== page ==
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Authors: Bagnell, Michael
Advisors: Abreu, Dilip
Department: Economics
Class Year: 2016
Abstract: Whether or not a government employs discretionary fiscal policy, and for that matter, to what extent a government employs discretionary fiscal policy, depends crucially on the predicted fiscal multiplier. A high predicted fiscal multiplier would incentivize fiscal policy as a stabilization tool, because a given increase or decrease in GDP would supposedly require a comparatively small increase or decrease in spending or taxes (or both). By the same reasoning, a low predicted fiscal multiplier would disincentivize fiscal policy. Since the predicted fiscal multiplier affects government decision-making in such a simple way, the accuracy and precision of fiscal multiplier predictions is vital for the health of an economy. While fiscal multiplier prediction errors in developed countries have been studied relatively extensively, there is a dearth of research on fiscal multiplier prediction errors in developing countries. Moreover, the possibility for prediction error differences in different stages of the business cycle is a frontier of economic research. Therefore, this paper investigates whether the magnitude of fiscal multiplier prediction errors in developing countries differs in expansions and recessions.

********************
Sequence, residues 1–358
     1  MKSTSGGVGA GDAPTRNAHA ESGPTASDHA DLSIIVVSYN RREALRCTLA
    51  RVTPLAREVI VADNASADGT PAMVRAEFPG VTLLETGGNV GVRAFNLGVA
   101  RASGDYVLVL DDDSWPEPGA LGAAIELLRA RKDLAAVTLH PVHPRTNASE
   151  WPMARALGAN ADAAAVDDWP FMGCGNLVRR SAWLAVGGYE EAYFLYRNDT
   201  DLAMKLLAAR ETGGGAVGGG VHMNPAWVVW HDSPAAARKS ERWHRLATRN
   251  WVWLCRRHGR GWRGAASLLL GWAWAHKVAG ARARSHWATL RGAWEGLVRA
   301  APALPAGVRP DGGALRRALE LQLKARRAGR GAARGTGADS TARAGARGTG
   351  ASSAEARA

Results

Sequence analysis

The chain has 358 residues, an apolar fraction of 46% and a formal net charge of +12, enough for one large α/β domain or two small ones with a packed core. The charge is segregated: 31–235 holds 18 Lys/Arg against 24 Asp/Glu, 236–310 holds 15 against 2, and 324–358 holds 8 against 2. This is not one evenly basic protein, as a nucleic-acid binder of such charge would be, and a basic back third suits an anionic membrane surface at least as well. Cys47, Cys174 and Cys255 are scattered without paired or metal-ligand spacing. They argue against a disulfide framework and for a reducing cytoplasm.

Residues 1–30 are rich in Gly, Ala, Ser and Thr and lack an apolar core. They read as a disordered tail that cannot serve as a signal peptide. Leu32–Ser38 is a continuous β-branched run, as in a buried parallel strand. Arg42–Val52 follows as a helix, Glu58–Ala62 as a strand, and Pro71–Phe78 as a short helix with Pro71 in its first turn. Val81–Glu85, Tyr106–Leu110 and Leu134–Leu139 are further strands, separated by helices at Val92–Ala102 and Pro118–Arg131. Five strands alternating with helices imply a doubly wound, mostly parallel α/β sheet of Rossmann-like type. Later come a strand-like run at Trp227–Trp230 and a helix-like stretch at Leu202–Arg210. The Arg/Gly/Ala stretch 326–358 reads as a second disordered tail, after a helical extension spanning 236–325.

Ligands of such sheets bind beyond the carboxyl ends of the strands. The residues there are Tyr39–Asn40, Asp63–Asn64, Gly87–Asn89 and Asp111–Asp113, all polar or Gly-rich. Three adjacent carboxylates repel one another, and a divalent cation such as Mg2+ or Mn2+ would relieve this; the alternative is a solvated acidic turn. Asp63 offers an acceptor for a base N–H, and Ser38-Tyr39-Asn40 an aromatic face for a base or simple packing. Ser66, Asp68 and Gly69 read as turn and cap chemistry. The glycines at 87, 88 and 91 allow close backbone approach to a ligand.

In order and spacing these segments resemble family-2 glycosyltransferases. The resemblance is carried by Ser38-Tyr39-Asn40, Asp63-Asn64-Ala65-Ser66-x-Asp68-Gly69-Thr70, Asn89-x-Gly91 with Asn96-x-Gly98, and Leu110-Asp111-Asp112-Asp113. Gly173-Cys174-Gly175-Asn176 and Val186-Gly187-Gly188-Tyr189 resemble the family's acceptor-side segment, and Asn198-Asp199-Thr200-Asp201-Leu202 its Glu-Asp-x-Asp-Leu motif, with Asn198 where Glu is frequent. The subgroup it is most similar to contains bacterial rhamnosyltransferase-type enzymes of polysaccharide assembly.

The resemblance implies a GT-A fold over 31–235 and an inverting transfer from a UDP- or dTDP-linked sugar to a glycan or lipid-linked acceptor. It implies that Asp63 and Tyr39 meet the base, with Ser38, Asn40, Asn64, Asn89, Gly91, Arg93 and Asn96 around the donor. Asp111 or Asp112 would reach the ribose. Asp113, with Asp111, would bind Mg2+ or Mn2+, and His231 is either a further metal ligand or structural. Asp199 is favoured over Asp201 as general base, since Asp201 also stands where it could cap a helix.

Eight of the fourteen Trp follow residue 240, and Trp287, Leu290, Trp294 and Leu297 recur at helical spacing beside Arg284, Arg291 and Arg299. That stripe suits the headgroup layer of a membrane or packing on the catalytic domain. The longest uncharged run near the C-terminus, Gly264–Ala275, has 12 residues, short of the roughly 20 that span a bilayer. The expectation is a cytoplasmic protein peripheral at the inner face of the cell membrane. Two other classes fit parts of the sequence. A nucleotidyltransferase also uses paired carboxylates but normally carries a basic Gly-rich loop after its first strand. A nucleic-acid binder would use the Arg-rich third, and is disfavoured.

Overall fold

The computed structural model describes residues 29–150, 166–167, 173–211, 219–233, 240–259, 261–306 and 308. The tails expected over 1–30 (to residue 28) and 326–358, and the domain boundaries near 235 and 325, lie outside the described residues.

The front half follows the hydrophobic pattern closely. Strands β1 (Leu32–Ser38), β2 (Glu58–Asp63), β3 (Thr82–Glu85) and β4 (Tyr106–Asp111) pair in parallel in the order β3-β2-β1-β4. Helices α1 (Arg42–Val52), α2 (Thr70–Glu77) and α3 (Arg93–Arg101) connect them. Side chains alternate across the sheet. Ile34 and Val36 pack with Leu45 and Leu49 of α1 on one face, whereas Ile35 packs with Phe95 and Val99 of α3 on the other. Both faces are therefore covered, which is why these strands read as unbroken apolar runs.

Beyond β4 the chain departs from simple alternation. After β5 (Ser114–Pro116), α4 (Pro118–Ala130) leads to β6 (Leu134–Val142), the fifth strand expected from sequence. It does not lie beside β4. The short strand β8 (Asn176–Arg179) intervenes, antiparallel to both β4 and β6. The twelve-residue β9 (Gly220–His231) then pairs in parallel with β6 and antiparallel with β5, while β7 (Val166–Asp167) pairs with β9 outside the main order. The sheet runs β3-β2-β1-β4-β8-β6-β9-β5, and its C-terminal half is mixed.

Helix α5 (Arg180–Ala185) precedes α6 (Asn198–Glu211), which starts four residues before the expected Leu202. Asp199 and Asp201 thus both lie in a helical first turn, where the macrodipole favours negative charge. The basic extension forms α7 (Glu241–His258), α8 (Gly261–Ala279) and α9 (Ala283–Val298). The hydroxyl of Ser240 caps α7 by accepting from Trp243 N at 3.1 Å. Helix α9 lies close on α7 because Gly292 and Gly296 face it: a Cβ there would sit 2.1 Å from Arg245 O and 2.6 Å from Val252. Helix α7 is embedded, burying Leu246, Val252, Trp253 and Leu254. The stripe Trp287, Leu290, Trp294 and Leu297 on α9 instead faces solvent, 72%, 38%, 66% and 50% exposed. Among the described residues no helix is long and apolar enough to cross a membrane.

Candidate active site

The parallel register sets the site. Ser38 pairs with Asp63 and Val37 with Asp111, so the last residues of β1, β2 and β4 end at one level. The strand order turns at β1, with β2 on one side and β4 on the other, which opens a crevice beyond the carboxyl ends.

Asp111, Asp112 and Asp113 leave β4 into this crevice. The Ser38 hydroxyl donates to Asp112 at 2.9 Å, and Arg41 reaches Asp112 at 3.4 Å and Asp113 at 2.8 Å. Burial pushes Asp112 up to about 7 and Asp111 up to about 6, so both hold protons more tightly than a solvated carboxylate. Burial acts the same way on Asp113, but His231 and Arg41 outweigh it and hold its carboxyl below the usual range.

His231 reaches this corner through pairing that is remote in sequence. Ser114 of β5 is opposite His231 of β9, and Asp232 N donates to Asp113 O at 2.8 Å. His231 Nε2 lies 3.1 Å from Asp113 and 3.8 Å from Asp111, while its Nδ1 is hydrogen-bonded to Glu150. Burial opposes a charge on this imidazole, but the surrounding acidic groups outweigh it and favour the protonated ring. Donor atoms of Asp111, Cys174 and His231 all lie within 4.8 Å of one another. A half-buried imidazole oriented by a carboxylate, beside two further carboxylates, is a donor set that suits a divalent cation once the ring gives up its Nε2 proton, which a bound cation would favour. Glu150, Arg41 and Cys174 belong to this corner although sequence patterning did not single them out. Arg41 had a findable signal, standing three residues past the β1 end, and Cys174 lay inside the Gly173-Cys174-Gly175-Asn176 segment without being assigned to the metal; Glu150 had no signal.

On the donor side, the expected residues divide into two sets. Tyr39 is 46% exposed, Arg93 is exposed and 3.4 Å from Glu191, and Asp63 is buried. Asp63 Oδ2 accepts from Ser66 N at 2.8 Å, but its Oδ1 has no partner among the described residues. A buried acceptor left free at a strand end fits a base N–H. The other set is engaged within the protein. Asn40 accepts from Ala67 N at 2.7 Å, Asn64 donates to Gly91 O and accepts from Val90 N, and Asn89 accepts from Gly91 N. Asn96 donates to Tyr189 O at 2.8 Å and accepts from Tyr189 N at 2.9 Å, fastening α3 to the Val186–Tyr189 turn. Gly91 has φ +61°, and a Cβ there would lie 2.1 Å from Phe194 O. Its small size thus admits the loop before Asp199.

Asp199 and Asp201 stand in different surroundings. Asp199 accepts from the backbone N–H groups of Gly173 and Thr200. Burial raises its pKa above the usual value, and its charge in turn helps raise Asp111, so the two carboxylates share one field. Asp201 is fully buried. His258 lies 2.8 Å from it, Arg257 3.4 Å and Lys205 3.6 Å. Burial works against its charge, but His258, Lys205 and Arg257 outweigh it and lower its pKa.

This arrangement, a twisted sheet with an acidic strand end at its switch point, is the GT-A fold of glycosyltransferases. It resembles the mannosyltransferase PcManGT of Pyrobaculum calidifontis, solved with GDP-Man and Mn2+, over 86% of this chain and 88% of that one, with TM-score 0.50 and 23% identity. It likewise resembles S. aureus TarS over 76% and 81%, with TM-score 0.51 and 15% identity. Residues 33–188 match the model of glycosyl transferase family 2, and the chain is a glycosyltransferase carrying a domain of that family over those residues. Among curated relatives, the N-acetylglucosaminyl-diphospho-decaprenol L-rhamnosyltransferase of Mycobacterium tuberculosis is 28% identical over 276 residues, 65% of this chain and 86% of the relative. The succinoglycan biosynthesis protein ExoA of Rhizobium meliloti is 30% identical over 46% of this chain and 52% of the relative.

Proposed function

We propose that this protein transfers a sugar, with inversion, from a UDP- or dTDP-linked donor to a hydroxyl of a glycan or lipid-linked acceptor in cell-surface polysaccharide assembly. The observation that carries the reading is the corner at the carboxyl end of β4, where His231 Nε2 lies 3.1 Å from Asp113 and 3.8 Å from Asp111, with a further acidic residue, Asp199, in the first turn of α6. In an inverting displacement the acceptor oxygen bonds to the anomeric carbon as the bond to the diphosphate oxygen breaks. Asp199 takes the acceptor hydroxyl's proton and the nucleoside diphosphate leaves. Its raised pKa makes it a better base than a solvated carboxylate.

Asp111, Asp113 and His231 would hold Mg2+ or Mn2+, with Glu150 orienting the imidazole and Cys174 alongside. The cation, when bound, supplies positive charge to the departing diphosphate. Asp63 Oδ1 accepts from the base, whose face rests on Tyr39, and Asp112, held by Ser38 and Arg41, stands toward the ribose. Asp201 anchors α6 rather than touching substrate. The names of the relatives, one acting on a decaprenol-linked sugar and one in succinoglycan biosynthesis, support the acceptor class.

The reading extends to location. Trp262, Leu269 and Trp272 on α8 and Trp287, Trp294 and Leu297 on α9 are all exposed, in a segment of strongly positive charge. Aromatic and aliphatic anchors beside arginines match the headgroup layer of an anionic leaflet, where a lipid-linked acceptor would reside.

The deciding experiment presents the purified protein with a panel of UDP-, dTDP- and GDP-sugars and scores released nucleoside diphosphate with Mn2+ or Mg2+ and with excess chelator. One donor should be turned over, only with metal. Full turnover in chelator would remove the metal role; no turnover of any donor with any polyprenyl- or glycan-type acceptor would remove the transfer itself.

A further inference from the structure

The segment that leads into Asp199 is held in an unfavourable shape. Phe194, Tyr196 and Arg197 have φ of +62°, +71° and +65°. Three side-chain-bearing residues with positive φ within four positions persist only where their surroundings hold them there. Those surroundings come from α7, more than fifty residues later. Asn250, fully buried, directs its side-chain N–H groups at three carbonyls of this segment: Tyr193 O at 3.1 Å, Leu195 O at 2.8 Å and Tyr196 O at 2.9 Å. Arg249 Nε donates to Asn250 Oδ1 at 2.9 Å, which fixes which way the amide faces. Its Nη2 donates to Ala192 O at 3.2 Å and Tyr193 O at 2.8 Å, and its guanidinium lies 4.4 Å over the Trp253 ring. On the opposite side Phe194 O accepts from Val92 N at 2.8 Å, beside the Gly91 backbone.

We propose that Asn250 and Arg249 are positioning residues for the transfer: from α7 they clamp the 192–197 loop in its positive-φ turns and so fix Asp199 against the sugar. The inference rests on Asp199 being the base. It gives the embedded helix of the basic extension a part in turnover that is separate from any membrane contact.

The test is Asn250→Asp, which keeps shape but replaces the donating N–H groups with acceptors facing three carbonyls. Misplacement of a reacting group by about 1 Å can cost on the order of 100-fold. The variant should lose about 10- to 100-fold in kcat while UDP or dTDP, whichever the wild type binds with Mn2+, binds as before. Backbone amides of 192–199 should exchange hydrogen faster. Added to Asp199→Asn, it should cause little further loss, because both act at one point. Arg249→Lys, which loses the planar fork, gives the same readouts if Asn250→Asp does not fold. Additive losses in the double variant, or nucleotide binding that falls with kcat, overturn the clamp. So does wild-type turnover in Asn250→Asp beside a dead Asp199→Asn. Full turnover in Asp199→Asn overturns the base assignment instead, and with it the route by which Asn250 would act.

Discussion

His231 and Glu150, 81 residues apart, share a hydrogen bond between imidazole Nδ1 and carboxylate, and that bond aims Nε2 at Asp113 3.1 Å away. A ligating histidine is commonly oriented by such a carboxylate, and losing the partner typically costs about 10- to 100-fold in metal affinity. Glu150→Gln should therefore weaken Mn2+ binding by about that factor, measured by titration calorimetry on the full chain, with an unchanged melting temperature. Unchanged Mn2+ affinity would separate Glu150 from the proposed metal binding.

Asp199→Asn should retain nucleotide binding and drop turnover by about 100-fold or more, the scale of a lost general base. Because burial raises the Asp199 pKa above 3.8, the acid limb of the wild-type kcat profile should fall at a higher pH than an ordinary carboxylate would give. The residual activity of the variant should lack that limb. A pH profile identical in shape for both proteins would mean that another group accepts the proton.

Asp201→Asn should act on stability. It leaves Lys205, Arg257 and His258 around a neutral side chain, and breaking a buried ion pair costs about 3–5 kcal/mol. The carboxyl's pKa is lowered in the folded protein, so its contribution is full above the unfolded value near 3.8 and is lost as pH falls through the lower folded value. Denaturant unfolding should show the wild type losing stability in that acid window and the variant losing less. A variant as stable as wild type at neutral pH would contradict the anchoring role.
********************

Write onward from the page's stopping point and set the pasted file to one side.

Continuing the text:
Extent: 69 pages
Type of Material: Princeton University Senior Theses
Language: en_US
Appears in Collections:Economics, 1927-2016

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